My love/hate relationship with Fuji cameras continues. While they are capable of fine results, on a par with the heavier and larger full-frame Nikons I also own, the Fuji XT30 and XT1 do add a little unpredictability to my photography. I suspect it comes down to my having fingers, but sometimes on the XT30 I find my settings seem to have mysteriously changed during a session taking pictures. So one day when I had set the ISO to my ‘Auto-3’ setting I found that I had taken quite a few images at H – ISO 51200 before I noticed the change. I also notice some rather odd behaviour with shutter speeds when working with shutter priority. I may have the shutter set to 1/250 but sometimes the camera has a different opinion. And for aperture priority I’ve learnt to use a piece of black sticky tape to stop the aperture ring on the 18-35 lens from making mysterious moves as I handle the camera.

And oddities remain. Although I’ve turned off image review I still sometimes find myself looking at the previous exposure sometimes when I raise the camera to my eye to focus, though I can’t get this to happen consistently. There are good points too. Particularly the image stabilisation when using the 18-135 lens in low light is remarkable.

Issei Suda (1940-2019)

Tuesday, February 4th, 2020

I first came across the work of Issei Suda at some time in the 1980s, when I used to make regular visits to the few bookshops in London that stocked a reasonable range of photographic books.

I’d got to know Claire De Rouen when she was running the bookshop at the Photographer’s Gallery (though I think we first met at the ICA) and we both were part of a large group of people who might visit the Porcupine for a drink after openings and meetings. From there she moved to run the photographic section of Zwemmers a short distance away – and of course later to set up her own splendid bookshop a little further up the street on the opposite side. The shop, above a bookmakers (not as often said a sex store), continued after her death, I think aged around 80, though she always seemed so much younger, in 2012 but just wasn’t the same without her and it closed in 2017.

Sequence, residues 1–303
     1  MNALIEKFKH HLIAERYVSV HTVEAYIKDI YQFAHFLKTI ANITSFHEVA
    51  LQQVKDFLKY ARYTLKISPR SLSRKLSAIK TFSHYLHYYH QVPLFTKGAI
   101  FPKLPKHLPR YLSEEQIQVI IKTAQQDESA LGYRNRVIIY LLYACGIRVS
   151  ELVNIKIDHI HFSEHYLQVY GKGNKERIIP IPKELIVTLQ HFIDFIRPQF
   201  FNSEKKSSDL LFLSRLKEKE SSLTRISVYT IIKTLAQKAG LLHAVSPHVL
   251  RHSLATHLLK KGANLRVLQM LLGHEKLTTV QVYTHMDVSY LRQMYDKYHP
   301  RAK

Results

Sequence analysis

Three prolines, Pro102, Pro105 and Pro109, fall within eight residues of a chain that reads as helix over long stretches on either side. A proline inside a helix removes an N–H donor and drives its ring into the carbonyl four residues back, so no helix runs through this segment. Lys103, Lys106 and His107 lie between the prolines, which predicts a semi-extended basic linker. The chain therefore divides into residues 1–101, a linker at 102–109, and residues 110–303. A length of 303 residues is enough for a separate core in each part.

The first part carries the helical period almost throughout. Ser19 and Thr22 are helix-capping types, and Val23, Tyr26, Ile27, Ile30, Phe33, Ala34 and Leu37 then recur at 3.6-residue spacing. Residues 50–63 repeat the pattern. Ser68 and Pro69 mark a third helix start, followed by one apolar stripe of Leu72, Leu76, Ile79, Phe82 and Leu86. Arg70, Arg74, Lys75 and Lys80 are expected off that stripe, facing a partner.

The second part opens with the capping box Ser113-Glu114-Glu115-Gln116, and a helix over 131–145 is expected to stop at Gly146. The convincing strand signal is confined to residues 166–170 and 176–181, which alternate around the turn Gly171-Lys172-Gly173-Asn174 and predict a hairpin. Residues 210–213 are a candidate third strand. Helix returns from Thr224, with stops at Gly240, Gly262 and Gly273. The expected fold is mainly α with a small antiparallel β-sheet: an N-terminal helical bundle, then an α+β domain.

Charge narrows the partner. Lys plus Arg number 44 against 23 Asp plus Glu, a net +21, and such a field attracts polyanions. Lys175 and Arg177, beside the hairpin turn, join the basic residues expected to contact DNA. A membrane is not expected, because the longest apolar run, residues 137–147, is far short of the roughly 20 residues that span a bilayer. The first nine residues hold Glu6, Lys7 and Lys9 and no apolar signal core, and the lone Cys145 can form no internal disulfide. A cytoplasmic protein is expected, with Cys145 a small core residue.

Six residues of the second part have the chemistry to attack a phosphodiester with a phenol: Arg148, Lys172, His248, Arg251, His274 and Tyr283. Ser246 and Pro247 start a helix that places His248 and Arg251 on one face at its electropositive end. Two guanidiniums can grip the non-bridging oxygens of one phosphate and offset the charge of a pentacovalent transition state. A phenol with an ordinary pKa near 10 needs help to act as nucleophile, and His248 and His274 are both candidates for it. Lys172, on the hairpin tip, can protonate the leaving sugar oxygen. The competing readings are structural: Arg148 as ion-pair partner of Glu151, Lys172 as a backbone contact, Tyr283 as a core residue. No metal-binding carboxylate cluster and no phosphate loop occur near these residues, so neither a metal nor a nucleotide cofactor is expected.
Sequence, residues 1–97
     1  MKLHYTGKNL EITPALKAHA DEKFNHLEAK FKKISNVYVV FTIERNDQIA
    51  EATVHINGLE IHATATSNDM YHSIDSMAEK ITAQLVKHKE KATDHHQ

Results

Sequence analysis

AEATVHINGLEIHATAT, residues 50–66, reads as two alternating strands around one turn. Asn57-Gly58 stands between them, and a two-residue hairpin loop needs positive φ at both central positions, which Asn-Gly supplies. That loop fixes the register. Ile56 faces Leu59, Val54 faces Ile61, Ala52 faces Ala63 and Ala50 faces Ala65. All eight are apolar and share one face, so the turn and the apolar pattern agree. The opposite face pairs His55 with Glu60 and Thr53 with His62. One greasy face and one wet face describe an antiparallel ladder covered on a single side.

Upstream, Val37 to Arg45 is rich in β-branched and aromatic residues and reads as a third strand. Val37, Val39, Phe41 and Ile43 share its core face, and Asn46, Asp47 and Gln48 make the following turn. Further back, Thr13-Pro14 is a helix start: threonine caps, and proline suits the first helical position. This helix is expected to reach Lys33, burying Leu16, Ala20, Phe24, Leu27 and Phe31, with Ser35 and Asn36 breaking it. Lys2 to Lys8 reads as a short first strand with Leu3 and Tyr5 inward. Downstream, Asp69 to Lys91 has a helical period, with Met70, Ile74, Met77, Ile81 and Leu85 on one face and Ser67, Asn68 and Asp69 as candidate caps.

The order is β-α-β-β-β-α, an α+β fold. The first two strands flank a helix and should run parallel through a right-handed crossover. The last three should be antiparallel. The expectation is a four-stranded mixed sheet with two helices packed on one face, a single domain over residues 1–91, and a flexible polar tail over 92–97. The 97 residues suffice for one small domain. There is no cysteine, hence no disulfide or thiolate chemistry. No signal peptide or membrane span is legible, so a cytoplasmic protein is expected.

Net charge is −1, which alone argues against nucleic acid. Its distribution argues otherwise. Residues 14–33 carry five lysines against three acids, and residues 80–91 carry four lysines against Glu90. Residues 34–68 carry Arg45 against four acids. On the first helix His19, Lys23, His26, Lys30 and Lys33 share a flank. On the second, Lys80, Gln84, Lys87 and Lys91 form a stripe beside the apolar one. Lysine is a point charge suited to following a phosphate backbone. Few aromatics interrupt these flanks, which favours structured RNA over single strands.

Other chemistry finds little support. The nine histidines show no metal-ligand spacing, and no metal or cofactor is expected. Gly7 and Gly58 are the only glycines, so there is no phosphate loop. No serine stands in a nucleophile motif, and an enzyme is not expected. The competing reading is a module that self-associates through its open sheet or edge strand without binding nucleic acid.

Whenever I went into the bookshop we would have a talk and share our latest enthusiasms in photography – and if the shop wasn’t too busy these were sometimes rather long conversations which always ended in me buying at least one of the books she had enthused about.

One in particular was Issei Suda’s 1978 monograph ‘Fushi Kaden‘, one volume from a long packed shelf of works published by Asahi Sonorama (and possibly some other Japanese publishers) that I think were unavailable elsewhere in the UK. I couldn’t read most of the text (there is one page in English), but could read the pictures, though they were clearly in a different language.

In the Eye of Photography today is an article The Legacy of Issei Suda (1940-2019) : Human Memory which accompanies ” the first posthumous exhibition in the United States of renowned Japanese photographer Issei Suda who passed away in early 2019″ at the Miyako Yoshinaga gallery, the second show of his work there.

You can see a ‘page-through’ of a later edition of his work, Issei Suda – Fushikaden‘ by PhotoBookStore UK on Vimeo. It’s a different sequence to the book I have and I think rather more pictures, though many of them are the same. The hands turning the book sometimes get in the way, and at times some pages escape scrutiny, but it gives a good general impression.